The United States is reeling from one of the deadliest drug-related crises of all time, with over 90 Americans dying after overdosing on opioids every day. The misuse of drugs like heroin, prescription painkillers, and synthetic opioids like fentanyl has resulted in a national health crisis and economic burden of over $78.5 billion annually — a figure that includes the costs of healthcare, criminal justice involvement, lost productivity, and addiction treatment.

With that much money being dedicated to addiction treatment, however, one has to wonder how effective these programs truly are — especially since the ideal end result is permanently ending the widespread usage of opioids. Is the United States’ addiction treatment genuinely lacking, or is there something else going on?

In order to answer such questions, let us take the time to evaluate the American addiction rehabilitation system and its overall effectiveness.

What does a typical addiction treatment program look like?

For those who have not been through rehabilitation, the process of achieving sobriety is relatively unknown. Therefore, it is imperative to shed some light on the topic. According to the National Institute of Drug Abuse, an addiction program is only considered effective if it follows these key principles:

  • No single treatment is right for everyone
  • People need to have quick access to treatment
  • Effective treatment addresses all of the patient’s needs, not just his or her drug abuse
  • Medically assisted detoxification is only the first step of treatment
  • Treatment should address all other possible mental disorders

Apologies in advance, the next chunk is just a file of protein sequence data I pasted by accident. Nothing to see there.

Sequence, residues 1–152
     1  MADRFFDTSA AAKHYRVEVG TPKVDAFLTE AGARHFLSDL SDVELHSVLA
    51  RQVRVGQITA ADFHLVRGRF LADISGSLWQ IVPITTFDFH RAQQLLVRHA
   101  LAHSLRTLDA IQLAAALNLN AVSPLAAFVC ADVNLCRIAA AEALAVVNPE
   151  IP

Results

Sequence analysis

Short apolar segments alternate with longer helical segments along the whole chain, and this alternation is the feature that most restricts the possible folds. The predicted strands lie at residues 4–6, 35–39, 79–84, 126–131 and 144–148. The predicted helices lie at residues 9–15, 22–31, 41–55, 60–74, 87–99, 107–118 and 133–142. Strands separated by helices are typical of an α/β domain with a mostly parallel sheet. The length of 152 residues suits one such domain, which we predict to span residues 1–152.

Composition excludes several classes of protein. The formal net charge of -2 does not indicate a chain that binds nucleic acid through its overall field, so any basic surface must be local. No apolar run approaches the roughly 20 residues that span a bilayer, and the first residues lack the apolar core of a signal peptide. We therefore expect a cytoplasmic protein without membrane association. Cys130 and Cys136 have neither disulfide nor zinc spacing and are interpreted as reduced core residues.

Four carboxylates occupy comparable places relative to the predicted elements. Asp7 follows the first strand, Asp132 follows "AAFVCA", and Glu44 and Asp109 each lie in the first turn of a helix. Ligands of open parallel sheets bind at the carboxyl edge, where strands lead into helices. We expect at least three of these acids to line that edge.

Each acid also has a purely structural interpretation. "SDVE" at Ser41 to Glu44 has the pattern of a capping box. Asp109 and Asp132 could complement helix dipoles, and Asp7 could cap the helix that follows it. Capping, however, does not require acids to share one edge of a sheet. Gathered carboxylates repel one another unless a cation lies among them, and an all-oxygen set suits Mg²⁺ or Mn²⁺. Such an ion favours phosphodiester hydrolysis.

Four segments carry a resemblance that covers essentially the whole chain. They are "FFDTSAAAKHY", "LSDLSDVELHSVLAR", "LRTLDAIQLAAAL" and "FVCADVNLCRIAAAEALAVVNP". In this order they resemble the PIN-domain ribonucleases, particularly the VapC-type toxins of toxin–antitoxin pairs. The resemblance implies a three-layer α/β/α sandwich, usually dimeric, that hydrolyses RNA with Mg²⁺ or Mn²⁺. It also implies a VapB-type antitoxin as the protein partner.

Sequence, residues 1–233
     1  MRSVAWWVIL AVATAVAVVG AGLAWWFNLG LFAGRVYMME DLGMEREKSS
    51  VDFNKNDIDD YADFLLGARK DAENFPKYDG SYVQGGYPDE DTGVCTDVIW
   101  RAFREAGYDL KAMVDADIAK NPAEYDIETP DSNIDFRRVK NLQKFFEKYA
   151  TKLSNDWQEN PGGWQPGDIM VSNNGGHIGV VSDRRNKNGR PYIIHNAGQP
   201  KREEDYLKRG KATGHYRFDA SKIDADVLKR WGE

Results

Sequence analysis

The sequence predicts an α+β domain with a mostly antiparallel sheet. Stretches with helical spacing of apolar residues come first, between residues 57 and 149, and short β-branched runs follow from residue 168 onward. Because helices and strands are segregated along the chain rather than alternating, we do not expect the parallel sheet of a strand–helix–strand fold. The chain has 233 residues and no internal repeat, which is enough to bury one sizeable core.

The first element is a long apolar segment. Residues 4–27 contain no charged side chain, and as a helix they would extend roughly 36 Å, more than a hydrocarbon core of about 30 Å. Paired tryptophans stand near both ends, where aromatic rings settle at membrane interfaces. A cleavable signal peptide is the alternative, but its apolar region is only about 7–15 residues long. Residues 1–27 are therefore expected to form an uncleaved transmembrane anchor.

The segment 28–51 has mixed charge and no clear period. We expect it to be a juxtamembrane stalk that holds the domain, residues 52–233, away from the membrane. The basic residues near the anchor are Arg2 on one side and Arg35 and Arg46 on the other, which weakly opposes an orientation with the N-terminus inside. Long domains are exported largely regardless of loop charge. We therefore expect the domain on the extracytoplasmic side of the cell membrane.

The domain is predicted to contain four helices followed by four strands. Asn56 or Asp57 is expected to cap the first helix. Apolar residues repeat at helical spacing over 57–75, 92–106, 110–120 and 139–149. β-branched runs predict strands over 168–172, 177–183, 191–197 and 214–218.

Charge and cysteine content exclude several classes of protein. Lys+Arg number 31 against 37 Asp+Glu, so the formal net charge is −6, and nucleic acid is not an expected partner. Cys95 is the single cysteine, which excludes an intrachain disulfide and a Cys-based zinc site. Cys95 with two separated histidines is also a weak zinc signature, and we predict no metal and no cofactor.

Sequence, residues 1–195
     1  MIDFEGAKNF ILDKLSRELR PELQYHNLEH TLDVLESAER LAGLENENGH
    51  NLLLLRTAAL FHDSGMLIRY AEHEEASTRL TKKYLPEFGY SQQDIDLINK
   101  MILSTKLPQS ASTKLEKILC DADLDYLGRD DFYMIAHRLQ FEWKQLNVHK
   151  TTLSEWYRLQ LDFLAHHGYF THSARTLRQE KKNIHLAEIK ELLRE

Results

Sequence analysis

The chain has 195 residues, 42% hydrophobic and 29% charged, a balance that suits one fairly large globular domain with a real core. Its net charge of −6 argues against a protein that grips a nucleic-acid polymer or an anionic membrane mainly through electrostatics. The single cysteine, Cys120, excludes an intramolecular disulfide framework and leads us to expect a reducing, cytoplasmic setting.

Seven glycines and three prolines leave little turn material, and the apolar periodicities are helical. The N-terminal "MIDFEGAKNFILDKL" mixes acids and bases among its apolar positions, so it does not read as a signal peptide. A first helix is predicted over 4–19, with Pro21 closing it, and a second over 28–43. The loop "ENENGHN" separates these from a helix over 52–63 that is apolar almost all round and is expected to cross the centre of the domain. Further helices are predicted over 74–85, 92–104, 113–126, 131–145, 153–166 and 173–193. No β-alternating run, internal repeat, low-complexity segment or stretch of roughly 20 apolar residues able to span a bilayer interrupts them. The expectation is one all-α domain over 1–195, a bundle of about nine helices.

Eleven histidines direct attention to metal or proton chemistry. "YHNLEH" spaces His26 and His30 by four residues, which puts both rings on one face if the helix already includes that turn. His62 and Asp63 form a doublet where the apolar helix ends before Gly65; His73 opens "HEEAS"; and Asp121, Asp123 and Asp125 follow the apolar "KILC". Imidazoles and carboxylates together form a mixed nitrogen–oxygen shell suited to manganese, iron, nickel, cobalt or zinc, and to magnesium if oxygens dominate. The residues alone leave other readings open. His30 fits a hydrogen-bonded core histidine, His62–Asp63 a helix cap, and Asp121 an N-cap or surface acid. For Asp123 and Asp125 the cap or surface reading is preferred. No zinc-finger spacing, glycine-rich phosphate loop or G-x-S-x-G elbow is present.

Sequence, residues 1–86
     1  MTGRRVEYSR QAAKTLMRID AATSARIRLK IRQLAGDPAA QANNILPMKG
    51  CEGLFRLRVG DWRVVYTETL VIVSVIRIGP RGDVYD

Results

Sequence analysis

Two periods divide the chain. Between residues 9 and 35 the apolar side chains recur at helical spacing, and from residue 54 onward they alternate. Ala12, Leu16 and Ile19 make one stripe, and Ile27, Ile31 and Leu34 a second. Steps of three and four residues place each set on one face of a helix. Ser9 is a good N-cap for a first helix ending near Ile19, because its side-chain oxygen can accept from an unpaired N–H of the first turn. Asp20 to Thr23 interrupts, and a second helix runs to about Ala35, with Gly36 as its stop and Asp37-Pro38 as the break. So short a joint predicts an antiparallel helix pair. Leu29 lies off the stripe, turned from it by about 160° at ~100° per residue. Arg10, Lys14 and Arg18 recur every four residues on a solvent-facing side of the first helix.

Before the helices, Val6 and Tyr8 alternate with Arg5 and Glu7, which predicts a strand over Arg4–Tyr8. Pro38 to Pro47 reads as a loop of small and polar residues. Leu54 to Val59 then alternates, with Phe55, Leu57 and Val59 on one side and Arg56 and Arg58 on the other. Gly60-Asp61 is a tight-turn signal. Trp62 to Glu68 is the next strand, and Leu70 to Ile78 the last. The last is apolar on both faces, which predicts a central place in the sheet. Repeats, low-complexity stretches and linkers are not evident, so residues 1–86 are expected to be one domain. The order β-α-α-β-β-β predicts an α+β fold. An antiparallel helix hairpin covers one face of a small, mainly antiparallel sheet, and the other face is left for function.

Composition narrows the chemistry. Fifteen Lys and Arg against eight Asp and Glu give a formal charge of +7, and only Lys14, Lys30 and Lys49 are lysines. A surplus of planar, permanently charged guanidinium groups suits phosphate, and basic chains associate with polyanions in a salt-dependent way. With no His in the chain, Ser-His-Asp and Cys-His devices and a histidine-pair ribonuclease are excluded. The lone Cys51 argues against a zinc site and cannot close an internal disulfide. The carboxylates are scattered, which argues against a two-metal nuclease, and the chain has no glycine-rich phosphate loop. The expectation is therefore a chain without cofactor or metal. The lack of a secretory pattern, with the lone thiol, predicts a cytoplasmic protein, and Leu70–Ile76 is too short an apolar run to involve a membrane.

Assuming every facility follows such protocol and prioritizes the implementation of these and other key principles, how could the United States still be faced with such a deadly dilemma?

Perhaps it has less to do with the facilities themselves, and more with the mindset of those outside this niche medical community.

After all, it is no secret that there is an intense stigma surrounding addiction, as well as any and all associated mental illnesses. Those who are struggling with mental illness and/or addiction may feel ashamed of their struggles, rejected by the people around them, and ultimately lead them to believe they are unworthy of treatment or, worse yet, life in general.

With these factors in mind, it may be time to shift our focus from launching “massive media campaigns to end the opioid crisis” to ending the epidemic on a personal level, right in our own communities. It is time to remove the burden of addiction from victims’ shoulders, to stop viewing them as inconveniences to our society and economy, to boost local outreach and support, and to level with these individuals as human beings. It is possible to right the previous wrongs of our society, but we must begin to try in order to see such changes.